The only quibble I had with the article is that there were no Female-to-Male transsexuals interviewed. I would have loved to hear that perspective as well, but the article still plays well. Read the Post Page Skimming – Articles of Interest

November 21, 2007 / / Uncategorized

by Racialicious Special Correspondent Latoya Peterson

“No one ever means bougie as a compliment. It’s never ‘Oh, you’re so bougie!’ It’s ALWAYS a negative trait.”

I had asked one of my close friends about being bougie and how the word is perceived in black circles. Depending on how it is used, bougie can almost be a curse word. Bougie is a stand in word for being racially removed, for pretending to be superior, for being out of touch with “true blackness.”

For many, being hit with a bougie label comes at random. Maybe it’s because you speak English with tight diction and clear pronunciation. Maybe it’s because you prefer off-broadway to the chitlin’ circuit. Or maybe it’s because someone doesn’t like how you dress, how you wear your hair, or your attitude.

When I lived in Prince George’s County, MD I got called a “bougie bitch” so often I started to think it was my name. What prompted those outbursts? I refused to get into a car with a man I did not know personally. I’ll stay my bougie ass right here and wait for the bus, thankyouverymuch.

Bougie is most often a label applied to us by someone other than ourselves, as a way of demonstrating their superiority. It implies that they are authentic and you are counterfeit.

I am not sure if the term bougie as I have encountered it exists outside of the black community. Still, I am always more amused than offended when I encounter the term. After all, the counter to being bougie is to prove one’s own street cred by discussing their own hardscrabble beginnings or the rough areas where they are affiliated.

I used to play this game, particularly when I was younger. Any assertions of the word “bougie” would magically vanish by reciting my father’s address. As I grew older, I stopped playing the game. It was foolish to me, particularly because the types of people held up as the paragon of blackness, the regular folks, the street preachers and hustlers, the young hoods and door-knocker earring wearing divas that populate my family tree are the people who pushed me to become as bougie as possible.


For my father’s 43rd birthday, he decided he wanted to do something a little different and step outside of his culinary comfort zone. Over the protests of my younger brother – who desperately wanted to make a mess of a plate of fried shrimp at Red Lobster – he asked me to name some more interesting restaurants near where I live.

I mentioned the local Burmese place. Dad was game.

After selecting entrees, our appetizers were delivered. They were a Burmese twist on an Indian samosa – wrapped in rice paper and lightly fried into small triangles. Dad ate one and enjoyed it. He asked what they were. I told him it was a samosa.

“A Samoan?” he asked.

“No, Dad, a samosa,” I explained, emphasizing the final syllable. “You know, like what you normally eat at an Indian restaurant.”

My dad regarded me with a bemused smile.

“Toya,” he gently chastised, “there weren’t any Indian restaurants in South East in the 70s.”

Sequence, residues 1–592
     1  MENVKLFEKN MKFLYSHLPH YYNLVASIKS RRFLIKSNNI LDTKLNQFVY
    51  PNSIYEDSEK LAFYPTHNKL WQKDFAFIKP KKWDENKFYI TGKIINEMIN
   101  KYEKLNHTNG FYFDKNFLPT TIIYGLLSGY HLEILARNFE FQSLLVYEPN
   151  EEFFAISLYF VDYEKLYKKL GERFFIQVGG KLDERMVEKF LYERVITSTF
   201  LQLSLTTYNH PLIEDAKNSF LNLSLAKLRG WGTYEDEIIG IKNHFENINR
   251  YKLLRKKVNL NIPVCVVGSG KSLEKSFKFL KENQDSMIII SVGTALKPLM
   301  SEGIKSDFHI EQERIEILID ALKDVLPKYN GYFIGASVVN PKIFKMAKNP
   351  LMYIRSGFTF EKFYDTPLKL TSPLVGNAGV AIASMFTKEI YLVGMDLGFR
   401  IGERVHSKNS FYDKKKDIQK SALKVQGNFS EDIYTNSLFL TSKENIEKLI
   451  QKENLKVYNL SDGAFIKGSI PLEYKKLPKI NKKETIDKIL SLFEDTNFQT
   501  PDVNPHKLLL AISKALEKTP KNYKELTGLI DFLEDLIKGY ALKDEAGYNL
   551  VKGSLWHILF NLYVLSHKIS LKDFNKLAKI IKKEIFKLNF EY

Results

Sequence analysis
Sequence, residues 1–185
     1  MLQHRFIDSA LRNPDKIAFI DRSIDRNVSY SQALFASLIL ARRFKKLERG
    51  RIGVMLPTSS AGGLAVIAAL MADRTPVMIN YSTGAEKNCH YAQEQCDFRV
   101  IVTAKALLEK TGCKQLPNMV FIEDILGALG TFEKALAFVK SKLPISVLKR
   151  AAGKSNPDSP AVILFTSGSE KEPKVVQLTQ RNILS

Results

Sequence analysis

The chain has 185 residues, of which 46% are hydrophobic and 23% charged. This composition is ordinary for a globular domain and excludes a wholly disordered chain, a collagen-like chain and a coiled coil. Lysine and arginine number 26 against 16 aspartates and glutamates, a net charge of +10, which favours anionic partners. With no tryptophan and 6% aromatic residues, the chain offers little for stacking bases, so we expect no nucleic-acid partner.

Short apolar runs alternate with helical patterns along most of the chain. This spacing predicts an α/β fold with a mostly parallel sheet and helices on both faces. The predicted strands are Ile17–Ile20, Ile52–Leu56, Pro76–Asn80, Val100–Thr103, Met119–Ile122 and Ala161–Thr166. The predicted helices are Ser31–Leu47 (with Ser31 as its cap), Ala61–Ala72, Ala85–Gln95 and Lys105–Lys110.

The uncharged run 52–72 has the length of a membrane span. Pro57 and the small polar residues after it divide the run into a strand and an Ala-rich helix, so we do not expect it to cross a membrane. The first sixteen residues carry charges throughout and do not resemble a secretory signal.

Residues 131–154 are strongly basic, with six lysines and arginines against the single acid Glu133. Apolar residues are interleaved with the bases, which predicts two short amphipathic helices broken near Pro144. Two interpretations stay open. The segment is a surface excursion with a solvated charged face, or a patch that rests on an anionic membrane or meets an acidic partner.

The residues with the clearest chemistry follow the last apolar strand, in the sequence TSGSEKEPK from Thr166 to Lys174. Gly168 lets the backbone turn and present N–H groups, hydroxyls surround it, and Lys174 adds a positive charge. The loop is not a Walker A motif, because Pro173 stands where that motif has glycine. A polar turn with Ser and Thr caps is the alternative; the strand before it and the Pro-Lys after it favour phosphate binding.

Fuck me. There was nothing left for me to say. Like a good daughter, I shut up and ate my Samoan. Read the Post Bougie* by Design

November 13, 2007 / / Uncategorized

by Racialicious Special Correspondent Latoya Peterson

Michelle Singletary’s the Color of Money column in the Washington Post has been a must read for me for ages.

In her October 21st column, Michelle decided to tackle the issue of a financial report issued by two leading fund managers.

For 10 years, Ariel Mutual Funds and Charles Schwab have issued an annual report on the saving and investing habits of middle- and upper-income blacks.

The survey throws a spotlight on the progress of black money-management skills — or lack of progress. It also compares the investing behavior of blacks and whites.

Like many others, I’ve often found reason to comment on the results of the surveys. But now I wonder about the value of comparing the two groups. What exactly do we learn that can help change decades of economic differences? Do these surveys just perpetuate the notion that blacks aren’t taking care of business?

In a special “black paper” marking the 10th anniversary of their survey, Ariel and Schwab came to a sober conclusion. “For middle-class African-Americans,” the report said, “the march toward financial security has been an uphill journey marked by half steps, pauses and, for some, retreat. . . . The results consistently show that blacks save less than whites of similar income levels and are less comfortable with stock investing, which impedes wealth-building across generations and contributes to an impending retirement crisis in the African-American community.”

Interesting. Yet another financial crisis rocks the black community. In addition to high interest payday loans,and the subprime mortage fiasco, retirement savings spells another impending crisis for African-Americans. Or does it?

Michelle then summarizes the survey, highlighting:

This year’s Ariel-Schwab Black Investor Survey found that blacks had median investments of $48,000, compared with $100,000 for whites. The survey looks at blacks and whites who earn more than $50,000 annually.

When Schwab and the Chicago-based Ariel, a black-run mutual fund company, first teamed in 1998, 57 percent of blacks and 81 percent of whites said they owned individual stocks or stock mutual funds.

A decade later, that percentage still stands at 57 percent for blacks and has dropped to 76 percent for whites.

For the first time, Ariel and Schwab looked at middle- and upper-income black and white retirees. The survey found that retired blacks had a median invested savings of $73,000, compared with $210,000 for whites.